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Career and Education Opportunities for Museum Technicians in Tennessee

Tennessee has a population of 6,296,254, which has grown by 10.67% in the last 10 years. Nicknamed the "Volunteer State," its capital is Nashville, though its largest city is Memphis.

The national trend for museum technicians sees this job pool growing by about 25.6% over the next eight years. Museum technicians generally prepare specimens, such as fossils, skeletal parts, and textiles, for museum collection and exhibits.

Museum technicians earn about $14 per hour or $31,180 yearly on average in Tennessee and about $17 hourly or $36,660 annually on average nationally. Museum technicians earn less than people working in the category of Libraries and Museums generally in Tennessee and less than people in the Libraries and Museums category nationally. People working as museum technicians can fill a number of jobs, such as: paper conservator, conservator, and restoration technician.

In 2008, there were a total of 3,759,569 jobs in Tennessee. The average annual income was $34,833 in 2008, up from $34,156 in 2007. The unemployment rate in Tennessee was 10.5% in 2009, which has grown by 3.8% since the previous year. About 19.6% of Tennessee residents have college degrees, which is lower than the national average.

The top industries in Tennessee include bakeries manufacturing, bread product manufacturing, and commercial bakeries. Notable tourist destinations include the Memphis City Government, the National Civil Rights Museum, and the Delta Axis.

CITIES WITH Museum Technician OPPORTUNITIES IN Tennessee


JOB DESCRIPTION: Museum Technician

Museum Technician video from the State of New Jersey Dept. of Labor and Workforce Development

In general, museum technicians prepare specimens, such as fossils, skeletal parts, and textiles, for museum collection and exhibits. They also may restore documents or install, arrange, and exhibit materials.

Every day, museum technicians are expected to be able to think through problems and come up with general rules. They need to prioritize information for further consideration. It is also important that they articulate ideas and problems.

Similar jobs with educational opportunities in Tennessee include:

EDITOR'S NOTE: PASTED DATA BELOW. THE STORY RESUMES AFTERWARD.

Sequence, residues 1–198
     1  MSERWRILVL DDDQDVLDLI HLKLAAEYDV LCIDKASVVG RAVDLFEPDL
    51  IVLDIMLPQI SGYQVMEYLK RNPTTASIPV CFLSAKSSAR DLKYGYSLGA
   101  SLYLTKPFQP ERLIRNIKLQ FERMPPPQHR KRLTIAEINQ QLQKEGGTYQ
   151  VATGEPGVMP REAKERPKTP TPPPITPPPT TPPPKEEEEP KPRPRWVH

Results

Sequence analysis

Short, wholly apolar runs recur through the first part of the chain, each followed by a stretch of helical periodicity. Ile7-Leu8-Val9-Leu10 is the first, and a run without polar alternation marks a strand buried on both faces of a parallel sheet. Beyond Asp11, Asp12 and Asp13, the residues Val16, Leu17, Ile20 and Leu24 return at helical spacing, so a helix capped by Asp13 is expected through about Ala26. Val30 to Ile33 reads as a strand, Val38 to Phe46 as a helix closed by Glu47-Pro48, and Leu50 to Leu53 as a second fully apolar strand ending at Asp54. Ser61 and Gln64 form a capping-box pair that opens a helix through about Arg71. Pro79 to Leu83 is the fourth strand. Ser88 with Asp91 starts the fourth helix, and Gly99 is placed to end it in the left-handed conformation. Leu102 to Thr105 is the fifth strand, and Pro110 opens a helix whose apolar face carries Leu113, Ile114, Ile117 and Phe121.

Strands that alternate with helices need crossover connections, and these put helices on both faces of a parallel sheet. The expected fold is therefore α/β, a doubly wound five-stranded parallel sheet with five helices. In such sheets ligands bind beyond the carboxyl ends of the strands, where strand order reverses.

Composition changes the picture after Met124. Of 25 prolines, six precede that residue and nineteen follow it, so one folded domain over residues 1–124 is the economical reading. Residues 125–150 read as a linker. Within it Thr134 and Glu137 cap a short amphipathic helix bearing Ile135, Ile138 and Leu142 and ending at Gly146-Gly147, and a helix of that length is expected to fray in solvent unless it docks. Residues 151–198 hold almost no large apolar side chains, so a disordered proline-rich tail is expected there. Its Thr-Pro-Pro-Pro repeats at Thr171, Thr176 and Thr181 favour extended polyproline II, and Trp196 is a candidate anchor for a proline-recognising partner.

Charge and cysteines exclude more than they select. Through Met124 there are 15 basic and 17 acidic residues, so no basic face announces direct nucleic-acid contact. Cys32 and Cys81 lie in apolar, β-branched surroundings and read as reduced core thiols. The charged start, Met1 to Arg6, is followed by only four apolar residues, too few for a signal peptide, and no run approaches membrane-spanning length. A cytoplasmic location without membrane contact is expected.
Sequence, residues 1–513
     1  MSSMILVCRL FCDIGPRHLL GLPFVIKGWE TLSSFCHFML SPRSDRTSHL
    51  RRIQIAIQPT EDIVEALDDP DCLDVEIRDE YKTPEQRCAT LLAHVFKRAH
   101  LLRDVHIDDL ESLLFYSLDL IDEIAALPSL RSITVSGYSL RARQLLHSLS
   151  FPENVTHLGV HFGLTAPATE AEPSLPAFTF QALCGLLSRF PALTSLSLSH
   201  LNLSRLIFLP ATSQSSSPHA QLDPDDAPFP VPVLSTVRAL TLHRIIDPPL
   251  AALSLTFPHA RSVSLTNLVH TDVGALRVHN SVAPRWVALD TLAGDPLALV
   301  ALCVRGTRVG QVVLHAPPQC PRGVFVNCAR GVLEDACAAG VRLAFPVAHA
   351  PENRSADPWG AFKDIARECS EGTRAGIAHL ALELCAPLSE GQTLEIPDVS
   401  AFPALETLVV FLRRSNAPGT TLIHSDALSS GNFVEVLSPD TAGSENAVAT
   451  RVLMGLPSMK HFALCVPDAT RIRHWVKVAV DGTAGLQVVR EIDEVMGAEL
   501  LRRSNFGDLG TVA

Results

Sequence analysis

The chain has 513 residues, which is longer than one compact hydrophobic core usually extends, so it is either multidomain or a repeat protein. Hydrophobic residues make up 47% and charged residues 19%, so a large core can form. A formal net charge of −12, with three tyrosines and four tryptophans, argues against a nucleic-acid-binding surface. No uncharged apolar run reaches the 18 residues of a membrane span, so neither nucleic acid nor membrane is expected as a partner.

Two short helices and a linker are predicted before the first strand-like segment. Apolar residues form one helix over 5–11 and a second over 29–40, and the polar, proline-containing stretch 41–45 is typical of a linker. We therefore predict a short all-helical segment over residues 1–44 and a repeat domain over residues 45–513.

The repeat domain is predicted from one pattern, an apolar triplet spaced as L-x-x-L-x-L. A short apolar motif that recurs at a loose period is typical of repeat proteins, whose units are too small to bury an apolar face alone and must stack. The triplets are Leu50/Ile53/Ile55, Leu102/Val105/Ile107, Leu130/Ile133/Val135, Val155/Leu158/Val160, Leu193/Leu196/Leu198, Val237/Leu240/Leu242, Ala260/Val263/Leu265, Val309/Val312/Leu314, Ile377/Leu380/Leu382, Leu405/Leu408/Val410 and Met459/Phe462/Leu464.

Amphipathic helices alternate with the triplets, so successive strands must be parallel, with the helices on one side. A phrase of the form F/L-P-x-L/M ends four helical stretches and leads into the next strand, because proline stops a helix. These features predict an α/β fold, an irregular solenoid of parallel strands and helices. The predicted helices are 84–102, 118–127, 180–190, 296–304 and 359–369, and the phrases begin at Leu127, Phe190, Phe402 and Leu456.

• Archivist. Appraise, edit, and direct safekeeping of permanent records and historically valuable documents. Participate in research activities based on archival materials.
  • Curator. Administer affairs of museum and conduct research programs. Direct instructional, research, and public service activities of institution.
  • Librarian. Administer libraries and perform related library services. Work in a variety of settings, including public libraries, schools, colleges and universities, museums, corporations, government agencies, law firms, non-profit organizations, and healthcare providers. Tasks may include selecting, acquiring, and maintaining library materials; and furnishing reference, bibliographical, and readers' advisory services. May perform in-depth, strategic research, and synthesize, analyze, and filter information. May set up or work with databases and information systems to catalogue and access information.

LOCATION INFORMATION: Tennessee

Tennessee
Tennessee photo by Aviator31

Tennessee has a population of 6,296,254, which has grown by 10.67% in the last 10 years. Nicknamed the "Volunteer State," its capital is Nashville, though its largest city is Memphis. In 2008, there were a total of 3,759,569 jobs in Tennessee. The average annual income was $34,833 in 2008, up from $34,156 the previous year. The unemployment rate in Tennessee was 10.5% in 2009, which has grown by 3.8% since the previous year. Roughly 19.6% of Tennessee residents have college degrees, which is lower than the national average.

The top industries in Tennessee include bakeries manufacturing, bread product manufacturing, and commercial bakeries. Notable tourist destinations include the Mississippi River Museum, the Magevney House, and the National Civil Rights Museum.